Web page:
Sweat The Small Stuff

That’s right: pay attention to the nitty-gritty details. This twist on a classic adage is especially relevant for anyone working in a more specialized field, like social media. Many people regard social as a standalone discipline, when in reality that’s not trueYou’ve probably heard people talk at length about “integrated media” & there’s a good reason for it: social should be complementing, interacting with, and supporting everything else your brand is doing.

The most important piece of advice I’ve learned from my mentors is to sweat the small stuff. In other words, ask questions about things outside your department. Understand your brand’s print campaigns, media placements, and design choices. Get involved with the different facets of your accounts, because no discipline should truly be, as they say, in a silo by itself.

Especially not a brand’s social media practices. Community managers, this is for you.

Social media’s a conversation medium (as you know), and people are going to be talking about a variety of things (some of them ridiculous) in your channels. To be the best community manager, strategist, social media supervisor, content generator, and analyst you can be, you have to constantly keep the big picture in your back pocket. That means asking yourself things like:

— How are people encountering your brand outside of your social channels?
— Why do people respond to your brand?
— What makes your clients themselves excited about their brand?

Understanding your brand’s media mix will give you stronger insight into the current conversation, and how to change it. Knowing where your media is placed, and how people might be feeling or what people might be doing when they encounter your brand ignites the world of opportunity. Plus, it can help measure the work you’ll have to do in other channels to boost overall brand awareness.

Similarly, you need to understand what people want as the end-result of using your product. Method, for example, has this down. Not only do they offer eco-friendly cleaning options for your home, they’ve spent enough money on product research to know what shapes, colors, and smells consumers will respond best to. People respond to it because it’s visually appealing. They buy it because being eco-friendly is either a main part of their everyday lives, or because they like the perception of being eco-friendly (it’s true!).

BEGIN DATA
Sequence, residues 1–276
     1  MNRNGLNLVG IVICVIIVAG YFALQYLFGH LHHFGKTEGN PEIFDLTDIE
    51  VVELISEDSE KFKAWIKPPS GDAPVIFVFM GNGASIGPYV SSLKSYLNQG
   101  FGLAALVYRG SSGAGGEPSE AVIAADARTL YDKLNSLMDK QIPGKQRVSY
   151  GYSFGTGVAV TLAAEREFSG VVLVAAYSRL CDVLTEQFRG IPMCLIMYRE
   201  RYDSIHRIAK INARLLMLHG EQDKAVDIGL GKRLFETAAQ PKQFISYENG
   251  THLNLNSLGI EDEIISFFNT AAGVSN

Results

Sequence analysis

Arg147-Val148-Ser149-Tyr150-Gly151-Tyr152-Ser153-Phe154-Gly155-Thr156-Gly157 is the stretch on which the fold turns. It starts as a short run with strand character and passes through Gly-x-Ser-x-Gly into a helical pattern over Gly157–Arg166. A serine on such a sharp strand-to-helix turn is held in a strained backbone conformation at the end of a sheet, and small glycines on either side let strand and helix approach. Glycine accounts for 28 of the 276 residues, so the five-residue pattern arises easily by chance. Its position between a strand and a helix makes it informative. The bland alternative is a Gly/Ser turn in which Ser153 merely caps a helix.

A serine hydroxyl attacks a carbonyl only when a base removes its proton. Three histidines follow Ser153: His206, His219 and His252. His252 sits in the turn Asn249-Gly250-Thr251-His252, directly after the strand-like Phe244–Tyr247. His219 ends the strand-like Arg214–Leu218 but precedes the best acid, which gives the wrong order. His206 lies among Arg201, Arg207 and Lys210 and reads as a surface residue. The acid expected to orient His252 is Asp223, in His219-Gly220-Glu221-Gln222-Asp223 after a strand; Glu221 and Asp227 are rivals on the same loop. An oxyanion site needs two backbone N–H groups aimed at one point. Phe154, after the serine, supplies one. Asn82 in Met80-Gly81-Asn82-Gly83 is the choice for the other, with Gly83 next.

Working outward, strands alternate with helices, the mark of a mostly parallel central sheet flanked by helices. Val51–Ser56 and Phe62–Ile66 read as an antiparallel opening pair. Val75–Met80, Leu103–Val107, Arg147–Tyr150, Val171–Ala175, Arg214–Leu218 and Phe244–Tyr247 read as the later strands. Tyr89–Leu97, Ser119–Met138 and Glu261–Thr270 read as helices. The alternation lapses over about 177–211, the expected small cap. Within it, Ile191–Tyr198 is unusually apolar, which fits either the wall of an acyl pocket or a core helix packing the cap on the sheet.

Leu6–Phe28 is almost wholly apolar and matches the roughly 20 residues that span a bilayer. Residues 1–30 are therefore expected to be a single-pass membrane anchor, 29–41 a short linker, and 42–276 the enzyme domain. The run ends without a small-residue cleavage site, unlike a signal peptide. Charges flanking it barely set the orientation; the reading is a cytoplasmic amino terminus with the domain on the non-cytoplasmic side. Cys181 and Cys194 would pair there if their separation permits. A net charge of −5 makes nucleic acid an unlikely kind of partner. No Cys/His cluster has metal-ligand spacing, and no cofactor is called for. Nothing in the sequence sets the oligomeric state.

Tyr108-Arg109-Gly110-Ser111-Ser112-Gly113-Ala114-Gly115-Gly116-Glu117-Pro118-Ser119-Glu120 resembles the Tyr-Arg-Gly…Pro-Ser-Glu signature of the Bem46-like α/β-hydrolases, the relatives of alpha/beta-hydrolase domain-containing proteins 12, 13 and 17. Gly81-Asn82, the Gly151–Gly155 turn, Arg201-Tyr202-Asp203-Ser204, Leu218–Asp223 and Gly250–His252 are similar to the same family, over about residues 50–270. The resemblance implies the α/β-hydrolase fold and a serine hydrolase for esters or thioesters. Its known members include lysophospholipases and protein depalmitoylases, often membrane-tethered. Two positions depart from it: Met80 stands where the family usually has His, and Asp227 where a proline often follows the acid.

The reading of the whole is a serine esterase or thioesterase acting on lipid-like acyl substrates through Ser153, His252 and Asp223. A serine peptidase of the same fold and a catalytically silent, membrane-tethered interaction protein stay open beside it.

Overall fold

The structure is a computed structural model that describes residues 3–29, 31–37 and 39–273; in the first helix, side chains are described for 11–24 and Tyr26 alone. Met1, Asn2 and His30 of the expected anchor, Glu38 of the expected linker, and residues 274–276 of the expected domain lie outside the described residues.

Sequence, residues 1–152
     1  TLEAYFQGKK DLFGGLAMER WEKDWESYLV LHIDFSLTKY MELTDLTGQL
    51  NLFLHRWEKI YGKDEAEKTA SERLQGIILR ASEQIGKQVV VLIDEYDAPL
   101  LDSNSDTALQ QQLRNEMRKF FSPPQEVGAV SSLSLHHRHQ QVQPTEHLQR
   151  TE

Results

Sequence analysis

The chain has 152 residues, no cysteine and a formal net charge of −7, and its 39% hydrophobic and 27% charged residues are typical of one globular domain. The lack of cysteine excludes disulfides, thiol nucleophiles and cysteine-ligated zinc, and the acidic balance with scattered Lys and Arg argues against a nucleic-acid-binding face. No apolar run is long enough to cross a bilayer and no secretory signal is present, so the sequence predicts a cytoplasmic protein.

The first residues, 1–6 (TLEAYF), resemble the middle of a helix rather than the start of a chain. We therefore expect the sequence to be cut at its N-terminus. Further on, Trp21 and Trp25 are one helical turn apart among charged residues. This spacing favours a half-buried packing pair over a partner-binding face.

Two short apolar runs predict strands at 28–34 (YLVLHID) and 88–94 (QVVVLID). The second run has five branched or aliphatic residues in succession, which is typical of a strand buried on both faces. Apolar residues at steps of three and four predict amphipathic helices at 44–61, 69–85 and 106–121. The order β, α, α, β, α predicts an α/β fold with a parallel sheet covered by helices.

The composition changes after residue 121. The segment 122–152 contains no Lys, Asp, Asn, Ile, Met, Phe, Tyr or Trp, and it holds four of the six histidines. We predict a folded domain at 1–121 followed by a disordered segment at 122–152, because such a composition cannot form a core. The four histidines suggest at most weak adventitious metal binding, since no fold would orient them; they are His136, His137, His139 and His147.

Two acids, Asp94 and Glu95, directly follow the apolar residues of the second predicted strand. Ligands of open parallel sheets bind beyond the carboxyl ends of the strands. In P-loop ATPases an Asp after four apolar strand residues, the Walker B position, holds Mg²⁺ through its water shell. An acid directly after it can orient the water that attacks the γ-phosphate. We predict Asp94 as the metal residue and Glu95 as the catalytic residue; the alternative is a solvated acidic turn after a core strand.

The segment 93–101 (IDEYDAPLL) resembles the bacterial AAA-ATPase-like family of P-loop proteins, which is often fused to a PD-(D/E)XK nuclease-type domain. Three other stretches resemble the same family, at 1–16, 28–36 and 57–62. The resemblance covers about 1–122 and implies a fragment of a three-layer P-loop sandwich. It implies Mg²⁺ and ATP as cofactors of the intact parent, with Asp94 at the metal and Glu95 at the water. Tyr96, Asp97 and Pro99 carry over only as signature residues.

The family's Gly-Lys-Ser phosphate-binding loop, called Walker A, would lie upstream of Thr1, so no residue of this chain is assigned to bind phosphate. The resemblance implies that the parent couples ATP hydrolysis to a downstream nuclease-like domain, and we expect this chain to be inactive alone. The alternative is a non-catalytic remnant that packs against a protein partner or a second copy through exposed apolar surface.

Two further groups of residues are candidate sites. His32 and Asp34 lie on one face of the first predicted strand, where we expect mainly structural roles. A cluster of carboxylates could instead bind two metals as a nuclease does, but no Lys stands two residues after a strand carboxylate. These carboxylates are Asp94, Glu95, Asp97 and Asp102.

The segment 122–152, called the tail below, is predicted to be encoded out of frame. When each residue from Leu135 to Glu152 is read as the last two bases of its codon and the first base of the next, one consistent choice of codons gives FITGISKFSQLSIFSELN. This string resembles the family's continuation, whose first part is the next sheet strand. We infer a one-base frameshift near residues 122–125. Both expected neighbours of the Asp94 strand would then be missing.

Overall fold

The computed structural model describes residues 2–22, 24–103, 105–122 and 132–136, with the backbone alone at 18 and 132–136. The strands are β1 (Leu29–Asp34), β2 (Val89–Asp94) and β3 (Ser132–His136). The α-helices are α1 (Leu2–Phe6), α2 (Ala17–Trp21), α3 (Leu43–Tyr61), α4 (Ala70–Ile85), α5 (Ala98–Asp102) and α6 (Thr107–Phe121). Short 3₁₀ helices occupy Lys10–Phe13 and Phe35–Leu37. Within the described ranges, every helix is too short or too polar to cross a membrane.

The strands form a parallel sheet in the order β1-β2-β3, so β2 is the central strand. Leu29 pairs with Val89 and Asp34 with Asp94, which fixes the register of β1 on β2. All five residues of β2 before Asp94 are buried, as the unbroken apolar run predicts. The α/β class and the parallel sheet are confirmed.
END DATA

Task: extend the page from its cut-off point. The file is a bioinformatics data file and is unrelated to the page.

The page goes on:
Last but not least, you need to get your clients themselves. While it’s true that every brand needs to take on a life of its own, your clients are the ones that guide those decisions. At the end of the day, they were hired into their positions for a reason: because the brand you’re marketing is the brand they best represent. So, getting your clients’ visions about where they’re hoping to take things, and listening to the stories they’d like the brand to tell will only make your ability to sell ideas easier. After all, this is the advertising business. You’re never just selling a product.

Where am I going with this? It’s about time that community managers start looking beyond the discipline and preparing for the future. Why? Because if you ask me, five years from now, community management won’t exist. It won’t look anything like it does now (and it shouldn’t). We have to start thinking about the bottom line. How much money is your engagement making for your brand? What is the awareness of a flashy stunt really worth?

These are the questions that are starting to surface. Are you armed with the answers?

[alert style=”yellow”] The bottom line: Having tunnel vision within a social discipline (or any, really) limits the work we’re able to do, and the progress we’re able to make. Go outside your comfort zone, ask questions, and sharpen your old skills by learning new ones. [/alert]